"Recently, the California Governor, Jerry Brown, authorized the Class III gaming compacts of two landless tribes, the North Fork Rancheria of Mono Indians and Estom Yumeka Maidu (Enterprise Rancheria), who had petitioned the state to operate tribal gaming facilities outside of their traditional reservation lands. Commonly known and ignorantly referred to as “reservation shopping”, the Governor’s decision, while somewhat controversial is both consistent with the State’s policy towards Indians and Indian gaming, supportive of tribal sovereignty and consistent with the Indian Gaming Regulatory Act of 1988 (IGRA).
Governor Brown’s decision is consistent with the State’s policy of regulating Indian gaming as voted on by the public in Proposition 1A, the voter initiative passed in 2000, that California voters enacted to amend the California constitution to permit federally recognized tribes to operate gaming facilities within the state.
Proposition 1A was a watershed moment for California Indians whose ancestors were subject a prior history of unratified treaties, resulting in the confiscation of millions of acres of the most fertile state lands, rampant mass murder of Indians and forced removals of Indians from traditional aboriginal lands. These atrocious acts were not only permitted and encouraged by the State but were often supported and codified in State and local laws specifically targeted at Indian peoples. One such act, the 1850’s Act for the Protection of Indians, an act passed by the California legislature, required the forced removal of Indians from ancestral lands, leading to the destruction of Indian families. The Act was also interpreted to authorize a form of “indentured servitude” of Indian families, including Indian children. During this period the state not only encouraged, but required local governments to form militias to conduct expeditions specifically to eradicate and or enslave Indian people."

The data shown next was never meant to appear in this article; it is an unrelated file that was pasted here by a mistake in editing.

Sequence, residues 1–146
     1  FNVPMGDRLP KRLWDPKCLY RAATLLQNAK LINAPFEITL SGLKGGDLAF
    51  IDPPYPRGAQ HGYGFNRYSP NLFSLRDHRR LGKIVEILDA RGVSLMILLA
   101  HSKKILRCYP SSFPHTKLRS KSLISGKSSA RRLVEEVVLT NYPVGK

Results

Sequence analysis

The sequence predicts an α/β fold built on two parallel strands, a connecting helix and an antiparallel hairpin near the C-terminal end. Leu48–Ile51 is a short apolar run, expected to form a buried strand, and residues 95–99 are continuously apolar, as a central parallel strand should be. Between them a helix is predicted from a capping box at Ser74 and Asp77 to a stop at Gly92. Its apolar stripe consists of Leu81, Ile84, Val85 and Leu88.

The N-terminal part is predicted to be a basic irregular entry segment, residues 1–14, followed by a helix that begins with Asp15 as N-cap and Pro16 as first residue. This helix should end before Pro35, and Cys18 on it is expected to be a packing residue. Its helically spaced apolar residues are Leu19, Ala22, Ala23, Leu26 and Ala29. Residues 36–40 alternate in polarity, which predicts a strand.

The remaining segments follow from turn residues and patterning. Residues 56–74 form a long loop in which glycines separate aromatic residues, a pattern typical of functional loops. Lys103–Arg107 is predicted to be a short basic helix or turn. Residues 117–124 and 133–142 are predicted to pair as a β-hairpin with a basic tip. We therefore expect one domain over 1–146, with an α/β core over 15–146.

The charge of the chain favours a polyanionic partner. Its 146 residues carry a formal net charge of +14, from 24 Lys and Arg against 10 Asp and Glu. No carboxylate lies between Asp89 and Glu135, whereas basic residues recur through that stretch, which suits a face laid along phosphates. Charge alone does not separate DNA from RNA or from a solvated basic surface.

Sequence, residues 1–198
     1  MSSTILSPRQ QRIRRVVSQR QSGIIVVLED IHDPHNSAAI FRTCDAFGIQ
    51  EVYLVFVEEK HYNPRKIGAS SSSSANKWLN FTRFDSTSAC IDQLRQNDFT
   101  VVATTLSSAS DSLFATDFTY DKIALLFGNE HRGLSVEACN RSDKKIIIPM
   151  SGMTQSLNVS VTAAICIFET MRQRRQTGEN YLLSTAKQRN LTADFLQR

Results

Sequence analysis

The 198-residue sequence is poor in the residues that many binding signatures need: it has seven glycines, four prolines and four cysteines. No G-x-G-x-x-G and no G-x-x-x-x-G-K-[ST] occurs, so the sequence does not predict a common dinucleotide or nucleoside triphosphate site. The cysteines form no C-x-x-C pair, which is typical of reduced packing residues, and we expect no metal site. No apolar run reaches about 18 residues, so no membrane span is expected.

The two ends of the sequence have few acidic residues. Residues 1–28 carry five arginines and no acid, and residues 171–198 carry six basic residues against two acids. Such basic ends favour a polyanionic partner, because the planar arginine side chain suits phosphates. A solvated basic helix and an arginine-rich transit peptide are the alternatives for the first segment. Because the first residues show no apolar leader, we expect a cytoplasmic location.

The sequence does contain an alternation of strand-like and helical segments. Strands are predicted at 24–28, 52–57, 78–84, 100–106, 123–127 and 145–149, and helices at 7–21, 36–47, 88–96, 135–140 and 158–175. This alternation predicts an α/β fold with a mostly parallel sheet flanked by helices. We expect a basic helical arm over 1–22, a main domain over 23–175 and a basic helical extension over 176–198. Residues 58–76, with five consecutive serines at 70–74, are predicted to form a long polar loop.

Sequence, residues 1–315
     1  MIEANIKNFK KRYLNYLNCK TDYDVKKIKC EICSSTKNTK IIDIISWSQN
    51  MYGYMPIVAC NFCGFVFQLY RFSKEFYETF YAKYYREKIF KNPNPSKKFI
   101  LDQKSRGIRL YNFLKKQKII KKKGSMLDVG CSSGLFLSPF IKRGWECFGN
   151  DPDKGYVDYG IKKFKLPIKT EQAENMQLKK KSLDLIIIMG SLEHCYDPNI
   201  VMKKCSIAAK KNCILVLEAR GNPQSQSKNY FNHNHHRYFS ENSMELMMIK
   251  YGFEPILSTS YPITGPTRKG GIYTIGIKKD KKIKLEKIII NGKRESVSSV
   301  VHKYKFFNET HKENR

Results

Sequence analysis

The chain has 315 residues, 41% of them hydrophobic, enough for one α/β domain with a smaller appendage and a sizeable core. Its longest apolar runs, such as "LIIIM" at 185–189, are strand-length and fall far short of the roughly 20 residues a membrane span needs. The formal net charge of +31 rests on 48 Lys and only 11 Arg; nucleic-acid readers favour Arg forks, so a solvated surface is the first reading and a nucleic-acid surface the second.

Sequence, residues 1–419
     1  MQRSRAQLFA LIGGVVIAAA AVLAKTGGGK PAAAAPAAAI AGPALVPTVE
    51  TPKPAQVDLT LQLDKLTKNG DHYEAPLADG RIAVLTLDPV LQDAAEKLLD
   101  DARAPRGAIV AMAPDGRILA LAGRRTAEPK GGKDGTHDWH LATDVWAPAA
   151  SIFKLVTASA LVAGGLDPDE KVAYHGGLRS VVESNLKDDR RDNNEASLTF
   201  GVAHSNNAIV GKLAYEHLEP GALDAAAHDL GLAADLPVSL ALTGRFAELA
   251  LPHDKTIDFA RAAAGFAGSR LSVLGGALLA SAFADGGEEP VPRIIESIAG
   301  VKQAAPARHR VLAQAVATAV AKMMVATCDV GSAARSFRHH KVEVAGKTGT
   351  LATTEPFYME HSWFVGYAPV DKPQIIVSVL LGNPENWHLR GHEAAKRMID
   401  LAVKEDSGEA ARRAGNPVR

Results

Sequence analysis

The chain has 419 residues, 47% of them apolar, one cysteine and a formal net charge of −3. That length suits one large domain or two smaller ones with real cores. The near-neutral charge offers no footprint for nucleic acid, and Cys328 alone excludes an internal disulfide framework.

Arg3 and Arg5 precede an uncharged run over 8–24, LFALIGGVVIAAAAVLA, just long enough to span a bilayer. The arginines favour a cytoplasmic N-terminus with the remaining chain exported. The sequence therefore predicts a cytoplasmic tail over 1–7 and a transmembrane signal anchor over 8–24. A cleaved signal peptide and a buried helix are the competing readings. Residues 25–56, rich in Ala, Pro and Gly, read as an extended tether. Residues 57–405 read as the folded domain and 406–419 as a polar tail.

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Jack Duran: Like it or Not, Gov. Jerry Brown’s Approval of Limited Off-Reservation Gaming Is Lawful and Supportive of Tribal Sovereignty
(Indian Country Today 9/27)
off-reservation casino opponents weigh lawsuits